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Casey, Wolf Maintain Blue State Trend

November 7, 2018

Casey, Wolf Maintain Blue State Trend

Sen. Bob Casey of Scranton and Gov. Tom Wolf achieved relatively easy re-election victories Tuesday and maintained a trend in Pennsylvania that should point to revised state policy.

With few exceptions — most notably Republican President Donald Trump’s narrow upset victory in Pennsylvania in 2016 — Democrats have dominated most races that cannot be contained by gerrymandered district borders. That is, they win statewide.

Democrats hold the governorship, all state row offices and most of the appellate court seats that are decided in statewide races, and Casey now has won six times statewide — twice for auditor general, once for state treasurer and three times for U.S. Senate.

Republican U.S. Sen. Pat Toomey has won two terms but much more narrowly than Casey, and likely benefited in 2016 from Trump’s surprising performance. He defeated Democrat Katie McGinty by 1.5 percentage points.

Act quickly on gerrymandering

Despite the Democrats’ strong statewide performances, Republicans have held large majorities in both chambers of the state Legislature and the state congressional delegation. Part of the reason for that is the ruthless gerrymandering of legislative districts following the 2010 census. The original redistricting was so severe that the state Supreme Court prevented its implementation for an entire election cycle. Then, the same court overturned the congressional district map this year on grounds that it violated the state constitutional mandate for fair elections. It commissioned a redistricting that produced far more balanced districts and much more competitive races Tuesday.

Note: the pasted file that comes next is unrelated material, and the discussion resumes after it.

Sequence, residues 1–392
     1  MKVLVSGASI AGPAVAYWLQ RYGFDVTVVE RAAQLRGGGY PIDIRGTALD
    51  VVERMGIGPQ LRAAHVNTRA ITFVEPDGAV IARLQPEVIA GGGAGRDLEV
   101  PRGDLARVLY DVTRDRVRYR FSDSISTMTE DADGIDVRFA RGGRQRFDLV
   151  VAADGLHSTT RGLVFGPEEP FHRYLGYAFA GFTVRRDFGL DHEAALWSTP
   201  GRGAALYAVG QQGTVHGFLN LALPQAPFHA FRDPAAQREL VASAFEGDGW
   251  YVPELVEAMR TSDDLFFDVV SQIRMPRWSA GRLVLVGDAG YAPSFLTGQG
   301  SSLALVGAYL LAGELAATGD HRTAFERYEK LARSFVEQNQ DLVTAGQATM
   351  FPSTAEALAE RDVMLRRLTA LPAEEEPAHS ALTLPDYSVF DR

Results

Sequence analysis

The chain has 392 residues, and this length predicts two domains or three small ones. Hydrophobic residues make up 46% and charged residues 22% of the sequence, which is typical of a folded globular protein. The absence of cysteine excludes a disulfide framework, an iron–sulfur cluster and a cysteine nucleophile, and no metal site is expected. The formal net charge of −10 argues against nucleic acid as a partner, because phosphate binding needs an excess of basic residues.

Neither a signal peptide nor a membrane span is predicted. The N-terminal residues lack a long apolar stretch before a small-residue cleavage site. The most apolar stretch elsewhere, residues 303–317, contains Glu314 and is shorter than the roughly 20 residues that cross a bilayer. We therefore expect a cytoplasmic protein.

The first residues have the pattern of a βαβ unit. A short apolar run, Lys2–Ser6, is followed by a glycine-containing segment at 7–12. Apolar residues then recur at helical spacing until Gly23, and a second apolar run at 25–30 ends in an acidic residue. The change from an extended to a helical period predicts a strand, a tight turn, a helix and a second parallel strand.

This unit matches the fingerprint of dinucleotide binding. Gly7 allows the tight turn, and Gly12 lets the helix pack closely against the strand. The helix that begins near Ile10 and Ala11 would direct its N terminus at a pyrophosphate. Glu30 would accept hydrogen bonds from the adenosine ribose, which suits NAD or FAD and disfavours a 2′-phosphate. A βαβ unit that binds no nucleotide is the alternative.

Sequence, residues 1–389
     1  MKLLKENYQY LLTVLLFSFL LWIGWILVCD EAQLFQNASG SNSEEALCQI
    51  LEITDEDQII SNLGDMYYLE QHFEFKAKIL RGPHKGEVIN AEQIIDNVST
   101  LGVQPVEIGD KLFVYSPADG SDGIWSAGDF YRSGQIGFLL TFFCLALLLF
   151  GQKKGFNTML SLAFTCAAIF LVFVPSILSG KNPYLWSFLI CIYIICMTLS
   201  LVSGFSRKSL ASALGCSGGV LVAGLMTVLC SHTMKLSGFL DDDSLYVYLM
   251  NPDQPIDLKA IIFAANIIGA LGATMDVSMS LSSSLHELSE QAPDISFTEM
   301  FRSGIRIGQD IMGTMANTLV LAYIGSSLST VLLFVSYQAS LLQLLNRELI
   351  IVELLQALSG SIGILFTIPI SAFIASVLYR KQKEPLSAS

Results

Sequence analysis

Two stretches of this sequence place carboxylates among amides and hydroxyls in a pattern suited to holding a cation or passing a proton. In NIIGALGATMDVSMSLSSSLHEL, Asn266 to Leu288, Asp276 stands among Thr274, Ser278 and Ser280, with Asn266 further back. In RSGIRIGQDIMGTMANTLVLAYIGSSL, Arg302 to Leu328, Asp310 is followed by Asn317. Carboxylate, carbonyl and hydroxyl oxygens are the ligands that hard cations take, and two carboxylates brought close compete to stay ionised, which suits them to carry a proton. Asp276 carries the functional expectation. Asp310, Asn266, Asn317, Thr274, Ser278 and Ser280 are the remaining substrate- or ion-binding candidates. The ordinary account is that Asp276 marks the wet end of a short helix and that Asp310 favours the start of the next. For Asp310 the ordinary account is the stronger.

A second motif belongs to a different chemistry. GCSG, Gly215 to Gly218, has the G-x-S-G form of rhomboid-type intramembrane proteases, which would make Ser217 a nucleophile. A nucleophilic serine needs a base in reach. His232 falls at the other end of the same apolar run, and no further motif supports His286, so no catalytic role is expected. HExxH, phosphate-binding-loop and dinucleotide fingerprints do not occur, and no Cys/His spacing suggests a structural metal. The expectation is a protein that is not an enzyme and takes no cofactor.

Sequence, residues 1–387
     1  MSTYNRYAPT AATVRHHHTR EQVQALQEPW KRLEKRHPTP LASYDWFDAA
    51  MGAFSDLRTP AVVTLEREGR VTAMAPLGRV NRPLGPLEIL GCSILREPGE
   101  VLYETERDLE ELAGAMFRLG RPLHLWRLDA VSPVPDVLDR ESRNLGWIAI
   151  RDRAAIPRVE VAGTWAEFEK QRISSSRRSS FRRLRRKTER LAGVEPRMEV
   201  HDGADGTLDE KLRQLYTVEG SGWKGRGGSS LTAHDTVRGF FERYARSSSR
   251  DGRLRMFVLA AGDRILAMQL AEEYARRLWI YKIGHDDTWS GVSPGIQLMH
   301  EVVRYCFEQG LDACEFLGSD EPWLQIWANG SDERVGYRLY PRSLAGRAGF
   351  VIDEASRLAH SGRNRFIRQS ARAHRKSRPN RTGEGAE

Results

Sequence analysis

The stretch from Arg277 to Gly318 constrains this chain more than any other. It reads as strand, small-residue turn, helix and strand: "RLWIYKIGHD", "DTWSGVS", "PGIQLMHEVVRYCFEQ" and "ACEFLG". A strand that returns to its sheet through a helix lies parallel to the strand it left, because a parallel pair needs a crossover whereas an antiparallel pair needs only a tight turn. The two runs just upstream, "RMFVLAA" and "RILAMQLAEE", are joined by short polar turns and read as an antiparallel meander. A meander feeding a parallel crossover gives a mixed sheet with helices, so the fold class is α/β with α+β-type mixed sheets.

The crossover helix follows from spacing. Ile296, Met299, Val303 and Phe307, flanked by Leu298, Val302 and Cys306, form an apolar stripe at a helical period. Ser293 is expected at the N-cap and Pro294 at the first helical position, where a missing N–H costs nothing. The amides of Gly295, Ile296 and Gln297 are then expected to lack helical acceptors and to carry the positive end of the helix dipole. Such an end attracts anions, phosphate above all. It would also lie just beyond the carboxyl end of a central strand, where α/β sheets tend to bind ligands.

The next census is in 2020, after which the state legislative and senatorial and U.S. congressional districts will be redefined. Statewide electoral results and Tuesday’s results in the redefined congressional districts call for the Legislature to adopt an honest redistricting method to ensure that the districts reflect the actual electorate rather than legislators’ preferences.

That requires rapid passage of a state constitutional amendment to wrest control of the process from self-interested legislators, and give it to an independent commission. An amendment would have to be approved in consecutive legislative sessions and in a statewide referendum, so it requires immediate attention.

Outcomes should inform policy

The question now is whether Wolf’s and Casey’s overwhelming victories will inform other state politicians about the direction Pennsylvania should take.

Wolf campaigned emphatically on the priorities he set in his first term, and his decisive victory over former state Sen. Scott Wagner demonstrates that Pennsylvanians largely want to see that agenda realized.

It includes increasing the state commitment to public education funding, and paying for that partially with a long overdue extraction tax on natural gas commensurate with those imposed by other gas-producing states.

Casey’s decisive victory is a further repudiation by Pennsylvanians of Republican Rep. Lou Barletta’s demagoguery on “sanctuary cities” and illegal immigration, and his consistent support for attempts to eviscerate the Affordable Care Act — including the elimination of the law’s guarantee of competitively priced coverage for people with pre-existing conditions.

High turnout encouraging

Perhaps the best news from the election was generally high turnout locally, statewide and nationally. In Lackawanna County, it was between 55 and 60 percent, whereas turnout for midterm elections generally is in the mid-30-percent range.

Given the deep divisions affecting not just government but the society, which this election did not and could not resolve, the high turnout reflects an appropriate sense of urgency and concern about the nation’s direction.

Ideally, voters locally and nationally will make that the new normal.

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